I've just had a squint at IMSLP, which I do daily in case anything interesting turns up and, by gum, it has today. The RCM has uploaded the holograph MS of the full score of the sacred cantata The Atonement which SC-T wrote in 1903 for the Three Choirs Festival (which took place in Hereford that year).  Grin

It's blocked pending copyright review at present, but as soon as it's cleared I shall be in there like a rat up a drainpipe to download it. Once upon a time Patrick and I would have been seeking permission to digitise and disseminate it but now that's a labour of love that must be left to others. I shall just knock the rust off my mind's ear and delight in reading it.
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Frederic Cowen (1852-1935)


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« Reply #68 on: June 07, 2021, 08:23:11 pm »

I've just had a squint at IMSLP, which I do daily in case anything interesting turns up and, by gum, it has today. The RCM has uploaded the holograph MS of the full score of the sacred cantata The Atonement which SC-T wrote in 1903 for the Three Choirs Festival (which took place in Hereford that year).  Grin

It's blocked pending copyright review at present, but as soon as it's cleared I shall be in there like a rat up a drainpipe to download it. Once upon a time Patrick and I would have been seeking permission to digitise and disseminate it but now that's a labour of love that must be left to others. I shall just knock the rust off my mind's ear and delight in reading it.]

I've got both editions of the VS, the "suppressed" 190pp with Ye Mighty Gods of Ancient Rome love duet for Pilate and his wife, and the 169pp "expurgated" version. I prefer the former!

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"A piece is worth your attention, and is itself for you praiseworthy, if it makes you feel you have not wasted your time over it." (Sydney Grew, 1922)
Lionel Harrison
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« Reply #69 on: June 07, 2021, 09:44:52 pm »

I've just had a squint at IMSLP, which I do daily in case anything interesting turns up and, by gum, it has today. The RCM has uploaded the holograph MS of the full score of the sacred cantata The Atonement which SC-T wrote in 1903 for the Three Choirs Festival (which took place in Hereford that year).  Grin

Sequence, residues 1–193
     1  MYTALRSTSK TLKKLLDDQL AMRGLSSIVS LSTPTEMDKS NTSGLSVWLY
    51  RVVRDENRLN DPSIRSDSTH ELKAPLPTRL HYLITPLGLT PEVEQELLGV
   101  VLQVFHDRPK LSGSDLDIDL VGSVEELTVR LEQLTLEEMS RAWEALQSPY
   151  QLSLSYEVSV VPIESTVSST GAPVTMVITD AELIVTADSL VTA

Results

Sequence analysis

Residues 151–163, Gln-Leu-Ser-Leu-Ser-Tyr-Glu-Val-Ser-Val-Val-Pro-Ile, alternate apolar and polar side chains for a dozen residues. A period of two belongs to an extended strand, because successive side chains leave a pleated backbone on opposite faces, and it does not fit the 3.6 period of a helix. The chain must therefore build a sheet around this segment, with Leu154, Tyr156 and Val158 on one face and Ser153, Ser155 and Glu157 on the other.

It's blocked pending copyright review at present, but as soon as it's cleared I shall be in there like a rat up a drainpipe to download it. Once upon a time Patrick and I would have been seeking permission to digitise and disseminate it but now that's a labour of love that must be left to others. I shall just knock the rust off my mind's ear and delight in reading it.]

I've got both editions of the VS, the "suppressed" 190pp with Ye Mighty Gods of Ancient Rome love duet for Pilate and his wife, and the 169pp "expurgated" version. I prefer the former!

 Cheesy

Well, naturally! Who wouldn't want 21 pages more SC-T?! I don't have either VS in physical form although I dowloaded the one that's at IMSLP (which is the unexpurgated version, fortunately). As the full score they've uploaded is dated 1903, I'm hoping that it's the full version too, although it's notated on the front with Novello's London address and so if we're unlucky, it might be the pruned version. We'll see when it's cleared copyright.
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Albion
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Frederic Cowen (1852-1935)


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« Reply #70 on: June 08, 2021, 12:30:59 pm »

I've just had a squint at IMSLP, which I do daily in case anything interesting turns up and, by gum, it has today. The RCM has uploaded the holograph MS of the full score of the sacred cantata The Atonement which SC-T wrote in 1903 for the Three Choirs Festival (which took place in Hereford that year).  Grin

It's blocked pending copyright review at present, but as soon as it's cleared I shall be in there like a rat up a drainpipe to download it. Once upon a time Patrick and I would have been seeking permission to digitise and disseminate it but now that's a labour of love that must be left to others. I shall just knock the rust off my mind's ear and delight in reading it.]

I've got both editions of the VS, the "suppressed" 190pp with Ye Mighty Gods of Ancient Rome love duet for Pilate and his wife, and the 169pp "expurgated" version. I prefer the former!